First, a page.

When you control the narrative, you control the story; you also usually win. This is the motto I live by in my 10+ years in Wasserman’s digital group.
If that adage holds true, then Social Media is poised to be the big winner of the 2016 Olympics in Rio as nearly 20% of total time spent online in the U.S. is spent engaging on social media platforms and over 10 billion videos posted daily on both Snapchat and Facebook, worldwide.
The 2016 Rio games will represent the first true social games with Social Media playing Kingmaker and Queenmaker. Brands, athletes and nations will be remembered by memes, gifs, and face-swaps just as much as Gold, Silver and Bronze. My gut tells me that some may even strive for the former.
Social Media will be the true storyteller at the 2016 Rio games – the only thing that may be missing is a Morgan Freeman voiceover.
NBC seems to acknowledge this shift and has partnered with key platforms like Snapchat and Facebook to provide exclusive content. NBC also promises to incorporate Olympic-related content posted by athletes, celebrities and public figures into prime-time TV coverage like never before. However, none of the content will be live footage of actual games. If only Tyler Durden could meet with the NBC execs and tell them, “Stop trying to control everything and just let go!”
Despite the lack of live footage from the actual games, I am very much looking forward to the stories that social media will tell from Rio.
Here are my six most intriguing social media storylines everyone should be following during the 2016 Rio Games:
Battle of the Hashtags
According to a recent study by Research Now, 82% of people will follow Twitter to get their Olympics related information. Twitter is still ranked No. 1 when it comes to a live connection to sports so get ready for 17 days of glorious hashtag battles
Video, video and more video on Facebook & Instagram
- NBC has partnered with Facebook and Instagram to deliver a healthy diet of 20 short-form videos per day including a daily two-minute recap show exclusively on Facebook plus a daily slow-motion video of inspiring moments exclusively on Instagram.
- NBC is also leveraging Facebook Live to stream interviews of athletes accompanied by NBC’s on-air correspondents at the “Social Command Center.”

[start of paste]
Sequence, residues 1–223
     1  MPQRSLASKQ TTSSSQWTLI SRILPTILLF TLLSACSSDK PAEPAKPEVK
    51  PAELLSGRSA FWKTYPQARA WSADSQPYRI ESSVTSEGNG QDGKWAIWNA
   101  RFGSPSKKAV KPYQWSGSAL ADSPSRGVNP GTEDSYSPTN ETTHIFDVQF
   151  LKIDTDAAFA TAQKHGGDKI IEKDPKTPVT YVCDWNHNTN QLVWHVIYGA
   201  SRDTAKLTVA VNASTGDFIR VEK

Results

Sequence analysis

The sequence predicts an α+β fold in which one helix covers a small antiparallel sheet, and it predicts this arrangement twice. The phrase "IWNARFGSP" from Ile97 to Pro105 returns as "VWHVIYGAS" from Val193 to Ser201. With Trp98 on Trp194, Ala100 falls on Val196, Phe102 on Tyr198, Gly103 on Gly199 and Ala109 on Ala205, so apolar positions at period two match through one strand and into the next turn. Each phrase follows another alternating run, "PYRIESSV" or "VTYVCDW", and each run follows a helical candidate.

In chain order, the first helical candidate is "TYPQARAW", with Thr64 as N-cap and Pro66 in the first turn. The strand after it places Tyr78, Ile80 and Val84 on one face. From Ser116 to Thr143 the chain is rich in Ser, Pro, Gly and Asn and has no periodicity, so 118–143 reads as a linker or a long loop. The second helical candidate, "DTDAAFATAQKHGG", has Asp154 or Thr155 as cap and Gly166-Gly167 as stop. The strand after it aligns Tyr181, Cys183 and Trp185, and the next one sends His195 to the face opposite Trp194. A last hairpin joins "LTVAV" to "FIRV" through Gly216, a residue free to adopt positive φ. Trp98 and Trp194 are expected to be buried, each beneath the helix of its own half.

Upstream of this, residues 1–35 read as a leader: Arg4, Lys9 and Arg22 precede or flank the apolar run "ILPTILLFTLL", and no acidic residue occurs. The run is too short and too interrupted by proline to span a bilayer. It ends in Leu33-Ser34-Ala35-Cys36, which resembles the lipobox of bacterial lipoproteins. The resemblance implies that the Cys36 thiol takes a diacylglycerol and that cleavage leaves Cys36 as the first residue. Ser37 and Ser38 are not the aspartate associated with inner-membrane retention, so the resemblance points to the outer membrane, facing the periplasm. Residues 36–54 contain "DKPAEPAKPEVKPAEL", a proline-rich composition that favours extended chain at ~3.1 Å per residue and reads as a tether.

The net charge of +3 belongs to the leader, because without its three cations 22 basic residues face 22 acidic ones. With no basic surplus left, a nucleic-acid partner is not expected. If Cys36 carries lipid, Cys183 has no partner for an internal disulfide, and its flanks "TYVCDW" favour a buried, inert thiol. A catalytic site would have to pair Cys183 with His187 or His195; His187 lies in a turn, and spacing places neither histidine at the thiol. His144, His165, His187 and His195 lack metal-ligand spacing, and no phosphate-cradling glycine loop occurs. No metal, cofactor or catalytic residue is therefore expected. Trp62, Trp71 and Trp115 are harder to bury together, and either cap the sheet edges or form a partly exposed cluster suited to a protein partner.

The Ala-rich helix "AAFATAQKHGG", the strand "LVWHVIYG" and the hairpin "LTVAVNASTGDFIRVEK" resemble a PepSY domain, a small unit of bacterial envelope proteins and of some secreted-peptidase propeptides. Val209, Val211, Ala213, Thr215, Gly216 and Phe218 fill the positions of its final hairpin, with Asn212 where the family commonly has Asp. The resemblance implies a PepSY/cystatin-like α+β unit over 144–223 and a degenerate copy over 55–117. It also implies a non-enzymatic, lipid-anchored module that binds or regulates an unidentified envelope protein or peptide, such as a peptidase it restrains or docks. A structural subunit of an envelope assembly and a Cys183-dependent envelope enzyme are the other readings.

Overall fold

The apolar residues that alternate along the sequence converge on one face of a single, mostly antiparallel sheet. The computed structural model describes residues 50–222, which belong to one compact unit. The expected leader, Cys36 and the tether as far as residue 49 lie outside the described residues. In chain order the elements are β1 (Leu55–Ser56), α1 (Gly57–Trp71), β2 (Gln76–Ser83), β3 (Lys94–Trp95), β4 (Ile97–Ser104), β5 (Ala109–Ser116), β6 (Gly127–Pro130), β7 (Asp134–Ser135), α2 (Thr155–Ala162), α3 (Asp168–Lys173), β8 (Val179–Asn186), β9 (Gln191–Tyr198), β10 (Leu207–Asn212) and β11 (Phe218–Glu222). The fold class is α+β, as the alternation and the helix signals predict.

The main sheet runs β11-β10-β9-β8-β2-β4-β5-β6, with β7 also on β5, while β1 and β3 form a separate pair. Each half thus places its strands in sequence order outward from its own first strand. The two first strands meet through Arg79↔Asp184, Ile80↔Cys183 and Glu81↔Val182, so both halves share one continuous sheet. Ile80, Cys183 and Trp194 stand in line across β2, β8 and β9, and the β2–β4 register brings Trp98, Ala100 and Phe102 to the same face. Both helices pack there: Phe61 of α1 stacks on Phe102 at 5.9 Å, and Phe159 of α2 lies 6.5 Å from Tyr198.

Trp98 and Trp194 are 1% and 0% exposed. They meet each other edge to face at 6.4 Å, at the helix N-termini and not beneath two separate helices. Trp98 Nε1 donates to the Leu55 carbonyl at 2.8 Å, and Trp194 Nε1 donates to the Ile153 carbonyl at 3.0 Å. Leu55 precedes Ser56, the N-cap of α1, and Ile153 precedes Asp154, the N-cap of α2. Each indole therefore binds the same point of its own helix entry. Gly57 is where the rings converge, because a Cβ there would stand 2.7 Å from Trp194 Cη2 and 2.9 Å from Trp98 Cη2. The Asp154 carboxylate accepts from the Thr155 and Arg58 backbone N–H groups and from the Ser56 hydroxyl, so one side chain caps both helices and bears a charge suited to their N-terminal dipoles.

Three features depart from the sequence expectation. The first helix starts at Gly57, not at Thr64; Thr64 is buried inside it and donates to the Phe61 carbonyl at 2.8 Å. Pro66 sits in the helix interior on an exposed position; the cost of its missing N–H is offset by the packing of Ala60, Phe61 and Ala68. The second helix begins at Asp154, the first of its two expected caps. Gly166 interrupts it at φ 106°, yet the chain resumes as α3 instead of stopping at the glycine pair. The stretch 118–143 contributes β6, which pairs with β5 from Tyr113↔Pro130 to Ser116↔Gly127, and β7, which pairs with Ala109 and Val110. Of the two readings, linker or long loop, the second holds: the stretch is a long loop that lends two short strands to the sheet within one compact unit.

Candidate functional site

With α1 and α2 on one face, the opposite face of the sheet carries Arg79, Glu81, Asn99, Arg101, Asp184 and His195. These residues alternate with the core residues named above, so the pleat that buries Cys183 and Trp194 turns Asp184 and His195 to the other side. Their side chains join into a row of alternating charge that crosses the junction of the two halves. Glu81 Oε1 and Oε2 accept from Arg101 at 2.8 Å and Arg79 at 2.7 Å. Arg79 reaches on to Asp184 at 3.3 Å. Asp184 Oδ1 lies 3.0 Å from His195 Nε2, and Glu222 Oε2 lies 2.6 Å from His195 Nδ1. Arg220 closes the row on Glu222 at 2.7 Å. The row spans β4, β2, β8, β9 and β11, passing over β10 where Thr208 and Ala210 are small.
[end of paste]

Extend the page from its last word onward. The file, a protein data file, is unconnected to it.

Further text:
- There will even be a dedicated late-night show, hosted by Ryan Seacrest, which highlights the most buzzworthy content on Facebook and Instagram from that day. The algorithm never forgets.
- Essentially a copycat of Snapchat, Instagram’s strategic launch of Stories cannot be overlooked. Having Rio basically serve as your “coming out party” is a tremendous opportunity for the brand to shine. Will they rise to the top? Will they stay rooted in artistic imagery that has made Instagram what it is?
- Influencers as Analysts
- In a strategic attempt to engage 12-34 year-olds, NBC is partnering with leading social influencers to create promotional content to drive interest in the Games. Move over Bob Costas and Dick Enberg, time to make room for YouTube royalty like The Fine Brothers, iJustine and Flula.
Copywriting Tap Dancing
- Rule 40 states that only approved Olympic sponsors can utilize ‘Olympic-related terms’ in social media posts between July 27 and August 24. Given the exhaustive list of prohibited terms such as Rio, Gold, Performance, Challenge, Summer, Games, Victory, and Olympics, there is sure to be some creative copywriting from brands trying to support their athletes.
Olympics Snapchat channel powered by Buzzfeed
- In a genius move, NBC is tapping Buzzfeed’s video team to create up to 20 pieces of unique Olympic content per day that will live exclusively on NBC’s Snapchat Discover channel. NBC’s unparalleled access combined with Buzzfeed’s creative content makes Snapchat the social media frontrunner for gold in Rio.
After digesting all of this, it’s safe to say that the Games in Rio will be a multi-screen event like never seen before. Now all I need to do is find all my devices and chargers as I’ll be tuning in with at least four screens for the entire two weeks.
This post was written by Wasserman’s Vice President, Social Media & Digital Zack Sugarman. He can followed at @zsugs.